Hi. We had a stock market crash. On October 9, 2007, the Dow Jones industrial average reached a record 14,164. Exactly one year later, October 9, 2008, the Dow closed at 8,579. The United States stock market lost 39.4%. What happened? Why is the economy in such bad condition that the U.S. Congress just voted for and the president signed into law a 700 billion dollar banking bail-out legislation?
You've heard about Republican deregulation, about Freddie and Fannie, and you've heard about failed financial policies. Everything seems so complicated. Our national leaders said we had to have this bail-out or things would become even worse than what they are. What happened and whose fault was it? Did we really need this expensive bill to be passed? Let me explain. Understanding this should impact your vote in this presidential election.
People Put Their Money, Their Savings, Into Banks
Dads and moms have jobs and they make money. They put their money into banks. When they put their money into a savings account, they are able to earn a little bit of interest on their money from the bank. This interest a bank will pay on a savings account is usually around 3%. Banks earn money by investing the money that people deposit in their savings accounts.
Banks Give People Loans to Buy a House---These Loans Are Called Mortgages
Banks can earn money by making home loans. They receive more interest on the home loan than the interest money people receive for their savings account. In order for people to get a home loan, they must qualify to have that loan. Those qualifications once were much more strict. These banks knew they were investing other people's money, so they were very careful who they would loan it to. The old standard for getting a loan was having at least a 700+ credit score, 20% down payment on the loan, five years on a job, two months of payments in the bank, and no bankruptcy in the last eight years. When those standards were enforced, people rarely defaulted on their loan and lost their homes to foreclosure.
Banks make money by the people paying back their loans at a higher interest than they are giving back to customers in savings interest. Banks also loan money to businesses in the form of business loans. The way that many small businesses operate is that they use these loans to buy inventory, paper for billing customers, and for paying their employees. They pay back the loans with the money make from their business. Everything in the United States economy was moving along fine with the kind of arrangement that I've described so far. But then something happened.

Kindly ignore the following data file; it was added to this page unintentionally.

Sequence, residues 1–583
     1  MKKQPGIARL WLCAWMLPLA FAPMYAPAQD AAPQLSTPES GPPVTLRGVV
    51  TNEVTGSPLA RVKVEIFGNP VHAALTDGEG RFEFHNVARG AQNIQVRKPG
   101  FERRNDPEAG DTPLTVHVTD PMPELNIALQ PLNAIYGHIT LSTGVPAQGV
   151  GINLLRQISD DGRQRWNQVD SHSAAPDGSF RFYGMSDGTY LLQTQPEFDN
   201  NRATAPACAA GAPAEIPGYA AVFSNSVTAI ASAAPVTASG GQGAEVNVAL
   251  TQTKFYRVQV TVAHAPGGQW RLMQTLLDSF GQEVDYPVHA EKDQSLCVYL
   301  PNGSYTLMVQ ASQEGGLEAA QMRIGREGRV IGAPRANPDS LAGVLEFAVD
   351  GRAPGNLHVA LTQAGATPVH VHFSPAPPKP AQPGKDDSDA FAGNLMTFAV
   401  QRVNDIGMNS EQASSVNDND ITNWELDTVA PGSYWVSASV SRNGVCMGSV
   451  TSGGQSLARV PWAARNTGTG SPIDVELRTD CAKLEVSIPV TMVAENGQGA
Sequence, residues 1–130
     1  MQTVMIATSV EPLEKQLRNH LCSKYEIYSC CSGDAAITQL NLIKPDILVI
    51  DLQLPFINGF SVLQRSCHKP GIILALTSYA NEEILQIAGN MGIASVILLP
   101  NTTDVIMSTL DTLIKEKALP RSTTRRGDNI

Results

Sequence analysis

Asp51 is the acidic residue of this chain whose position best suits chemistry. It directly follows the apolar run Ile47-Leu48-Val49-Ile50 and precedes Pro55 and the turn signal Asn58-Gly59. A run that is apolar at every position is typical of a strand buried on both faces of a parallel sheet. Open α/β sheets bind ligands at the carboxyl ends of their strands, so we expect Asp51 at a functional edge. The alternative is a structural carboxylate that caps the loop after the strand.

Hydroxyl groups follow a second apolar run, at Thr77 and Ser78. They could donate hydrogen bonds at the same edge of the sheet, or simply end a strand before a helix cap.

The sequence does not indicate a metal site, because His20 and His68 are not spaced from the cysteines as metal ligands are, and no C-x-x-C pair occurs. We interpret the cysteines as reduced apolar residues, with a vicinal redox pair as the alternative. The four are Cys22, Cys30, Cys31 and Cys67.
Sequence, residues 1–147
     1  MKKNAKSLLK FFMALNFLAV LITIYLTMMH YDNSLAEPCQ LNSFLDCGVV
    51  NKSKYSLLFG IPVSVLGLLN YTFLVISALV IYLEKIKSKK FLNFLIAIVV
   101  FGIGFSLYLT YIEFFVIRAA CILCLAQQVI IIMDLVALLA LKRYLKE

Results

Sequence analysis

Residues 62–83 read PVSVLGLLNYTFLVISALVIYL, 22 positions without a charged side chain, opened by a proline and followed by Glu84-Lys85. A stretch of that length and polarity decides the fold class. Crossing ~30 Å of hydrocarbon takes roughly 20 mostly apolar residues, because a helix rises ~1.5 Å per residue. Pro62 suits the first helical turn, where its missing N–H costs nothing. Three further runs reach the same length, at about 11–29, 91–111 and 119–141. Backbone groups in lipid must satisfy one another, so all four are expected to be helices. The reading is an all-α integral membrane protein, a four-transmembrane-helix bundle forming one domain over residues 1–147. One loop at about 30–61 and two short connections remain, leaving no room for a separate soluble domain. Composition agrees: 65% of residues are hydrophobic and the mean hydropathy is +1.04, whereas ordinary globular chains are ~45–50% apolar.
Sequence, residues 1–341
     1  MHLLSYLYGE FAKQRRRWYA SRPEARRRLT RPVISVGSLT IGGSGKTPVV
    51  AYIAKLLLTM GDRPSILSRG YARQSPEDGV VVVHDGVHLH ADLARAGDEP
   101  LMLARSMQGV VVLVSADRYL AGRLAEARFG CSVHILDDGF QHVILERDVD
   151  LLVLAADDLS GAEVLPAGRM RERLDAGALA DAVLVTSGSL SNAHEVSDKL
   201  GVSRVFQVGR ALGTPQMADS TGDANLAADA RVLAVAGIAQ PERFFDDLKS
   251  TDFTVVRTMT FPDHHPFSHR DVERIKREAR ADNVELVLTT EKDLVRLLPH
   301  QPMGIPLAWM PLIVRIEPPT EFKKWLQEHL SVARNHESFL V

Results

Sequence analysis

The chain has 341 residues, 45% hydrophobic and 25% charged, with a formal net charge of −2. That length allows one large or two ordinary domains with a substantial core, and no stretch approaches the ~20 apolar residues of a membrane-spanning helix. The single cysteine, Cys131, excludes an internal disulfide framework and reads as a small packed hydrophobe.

The United States Government Changed the Rules for Home Loans
Something did happen and what happened first was President Jimmy Carter in 1977. Banks would not give loans to people in certain neighborhoods---it wasn't very safe banking practice to do so. President Carter changed this by signing the Community Reinvestment Act (CRA). This law made banks give loans to people who lived in those bad loan areas. The idea, of course, was that if more people owned homes in those areas, they would do a better job of taking care of the neighborhood. CRA encouraged home loans through two government sponsored enterprises: one was The Federal National Mortgage Association (Fannie Mae) and the other was The Federal Home Loan Mortgage Corporation (Freddie Mac). With this new law, to go unpunished by the federal government, banks had to find buyers who could qualify for loans under the old, reliable standards. They often could not find any so out of the lack of qualified buyers hatched the concept of the sub-prime mortgage.
CRA also created hundreds of unregulated housing "agencies," who would lobby banks for more money for their agencies. If they couldn't get the money, these agencies would cause great difficulties for banks with nasty lawsuits. The Reverend Al Sharpton was involved with these. One of these agencies, the Association of Community Organizations for Reform Now (ACORN) bragged that because of their influence, over one trillion dollars worth of these CRA sub-prime mortgages were written. Now Senator Barack Obama was a community organizer heavily involved in ACORN.
We're not done yet. In 1980 President Jimmy Carter signed The Deregulation and Monetary Control Act. In 1982 President Ronald Reagan signed The Alternative Mortgage Transactions Parity Act. These two laws created some modern mortage products with which we have now all become familiar: adjustable rate mortgages (ARM), balloon payment mortgages, interest only mortgages, etc. In 1986 the IRS tax code was changed to give a deduction for only the interest on a home loan. Financial advisors started encouraging customers to pay off mortgage debt only and to pay off other forms of debt with the equity in their homes. In 1993 President Bill Clinton made changes to the CRA that made it even more difficult for banks to deny loans to under qualified and gave banks points for giving out the more exotic loans.